Verbena is a varied genus of plants, mostly native to South America. They tend to be short-lived, but the abundance of nectar-rich flowers more than makes up for this. Hardy species include the popular Verbena bonariensis and its shorter-growing cultivar ‘Lollipop‘, along with architectural Verbena hastata and Verbena rigida, which works well in pots. Tender verbenas are best grown as annuals and are perfect for bedding schemes and hanging baskets.
How to grow Verbena
Most verbenas do well in moist but well-drained soil in a sunny, sheltered position. Leave flowers of hardier types to develop seedheads for the birds and, in mild regions, cut them back before growth starts again in spring. In colder regions, take cuttings to propagate new plants in case they don’t survive winter. Dig up and compost bedding verbenas in autumn – you’ll need to replace them with new plants the following spring.
More on growing Verbena:
- Osteospermum, petunia and verbena hanging basket
- How to take verbena cuttings
- Verbena officinalis var. grandiflora
Where to plant Verbena
Grow Verbena in moderately fertile, well-drained soil in full sun. Low-growing and bedding varieties work well in bedding schemes and pots, while taller varieties, including Verbena bonariensis and Verbena hastata, work well at the back of the border or in prairie-style planting schemes.
How to plant Verbena
Sow Verbena seeds from late winter to spring, using modules or small pots filled with peat-free seed compost. Keep these in a propagator or under glass. Pot on into individual pots when the seedlings are large enough to handle, and then plant them out where they are to flower, after the danger of frost has passed.
How to care for Verbena
Tall varieties of Verbena doesn’t need staking, despite their height, as their stems are stiff and wiry. Deadheading some species will increase the flowering season, although most perennial varieties will flower until the first frosts anyway.
Take cuttings of some of the more tender varieties as an insurance against winter loss. Hardier varieties may self seed in milder regions.
Some of the hardier, perennial verbenas, including Verbena bonariensis, look good left standing after the flowering period has ended, and their seedheads provide food for birds. In colder regions, protecting the roots with a generous mulch of straw or well-rotted manure will protect them from frost.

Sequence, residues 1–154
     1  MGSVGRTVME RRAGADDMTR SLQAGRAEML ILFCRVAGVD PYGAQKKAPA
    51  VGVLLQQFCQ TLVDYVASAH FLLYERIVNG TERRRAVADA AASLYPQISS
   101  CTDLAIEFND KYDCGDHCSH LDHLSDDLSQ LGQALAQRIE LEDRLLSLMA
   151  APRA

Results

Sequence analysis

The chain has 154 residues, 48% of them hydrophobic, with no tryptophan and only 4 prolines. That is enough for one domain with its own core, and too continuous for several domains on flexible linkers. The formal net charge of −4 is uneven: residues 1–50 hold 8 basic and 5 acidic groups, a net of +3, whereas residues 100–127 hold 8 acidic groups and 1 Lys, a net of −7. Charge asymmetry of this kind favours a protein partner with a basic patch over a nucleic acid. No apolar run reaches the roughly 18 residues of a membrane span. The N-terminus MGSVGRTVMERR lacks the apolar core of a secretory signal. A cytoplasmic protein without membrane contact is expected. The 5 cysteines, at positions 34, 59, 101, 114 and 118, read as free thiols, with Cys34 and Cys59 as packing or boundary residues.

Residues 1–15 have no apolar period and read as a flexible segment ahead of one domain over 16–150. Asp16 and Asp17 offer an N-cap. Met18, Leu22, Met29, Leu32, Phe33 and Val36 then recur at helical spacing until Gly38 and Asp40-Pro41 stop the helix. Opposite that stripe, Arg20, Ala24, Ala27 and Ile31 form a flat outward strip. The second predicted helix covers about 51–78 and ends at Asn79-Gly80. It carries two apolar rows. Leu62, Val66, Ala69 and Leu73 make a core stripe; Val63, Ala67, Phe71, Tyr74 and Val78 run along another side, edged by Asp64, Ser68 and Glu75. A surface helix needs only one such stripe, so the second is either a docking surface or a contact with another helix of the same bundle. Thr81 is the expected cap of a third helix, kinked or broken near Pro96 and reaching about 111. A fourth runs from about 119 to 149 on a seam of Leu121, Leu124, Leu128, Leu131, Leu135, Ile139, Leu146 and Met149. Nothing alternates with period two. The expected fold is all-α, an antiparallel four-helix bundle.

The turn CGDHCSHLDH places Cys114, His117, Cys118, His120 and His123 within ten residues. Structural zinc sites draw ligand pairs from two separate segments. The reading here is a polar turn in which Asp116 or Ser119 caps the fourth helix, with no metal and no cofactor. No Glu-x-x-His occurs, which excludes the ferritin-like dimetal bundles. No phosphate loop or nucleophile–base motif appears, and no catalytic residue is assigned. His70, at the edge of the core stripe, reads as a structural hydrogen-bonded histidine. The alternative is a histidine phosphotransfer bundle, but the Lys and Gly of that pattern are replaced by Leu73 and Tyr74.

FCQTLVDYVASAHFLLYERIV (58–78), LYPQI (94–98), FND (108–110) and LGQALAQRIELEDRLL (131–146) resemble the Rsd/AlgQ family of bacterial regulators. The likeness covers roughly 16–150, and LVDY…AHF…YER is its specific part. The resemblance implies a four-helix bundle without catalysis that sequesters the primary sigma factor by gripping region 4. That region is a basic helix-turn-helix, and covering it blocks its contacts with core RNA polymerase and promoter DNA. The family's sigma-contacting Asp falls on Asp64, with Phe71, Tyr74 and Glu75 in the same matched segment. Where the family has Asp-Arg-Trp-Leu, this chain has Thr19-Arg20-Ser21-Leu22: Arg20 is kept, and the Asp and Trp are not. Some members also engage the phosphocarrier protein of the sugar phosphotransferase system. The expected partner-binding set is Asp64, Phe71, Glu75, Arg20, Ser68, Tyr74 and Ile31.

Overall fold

Cut back the old stems of perennial verbenas in spring, as new shoots start to show at the base of the plant.
Growing Verbena: problem solving
Most verbenas grow well with few problems, although powdery mildew can be an issue with the more tender, bedding varieties. This is visible as a white powdery growth on the surface of the leaves – remove these to stop the infection spreading. Keep plants well watered to avoid this problem altogether, and ensure plenty of ventilation around the plants, particularly if growing them indoors.
Hardier verbenas are generally trouble free, although in hot and dry conditions, they can self-seed too successfully and may become invasive.
Advice on buying verbena
- There are several varieties to choose from – check height and spread before investing, so you have the right plant for the right spot
- Verbenas are available from garden centres but you’ll find a wider range at specialist nurseries or online
- Always check over plants for signs of damage or disease before planting
Where to buy verbenas
Verbena varieties to try
Verbena hastata – long-flowering perennial with slender, branched spires of pink flowers. Height x Spread: 1.5m x 60cm
Verbena bonariensis – flat purple heads of nectar-rich flowers bloom on wiry stems until the first frosts. H x S: 2. x 45cm
Verbena rigida – a low-growing verbena perfect for growing in pots and hanging baskets. Purple or magenta flowers are born in clusters from June to September. H x S: 60cm x 40cm
Verbena officinalis var. grandiflora ‘Bampton’ – small pink flowers are borne on purple-flushed stems. Perfect for naturalising in borders. H x S: 1m x 75cm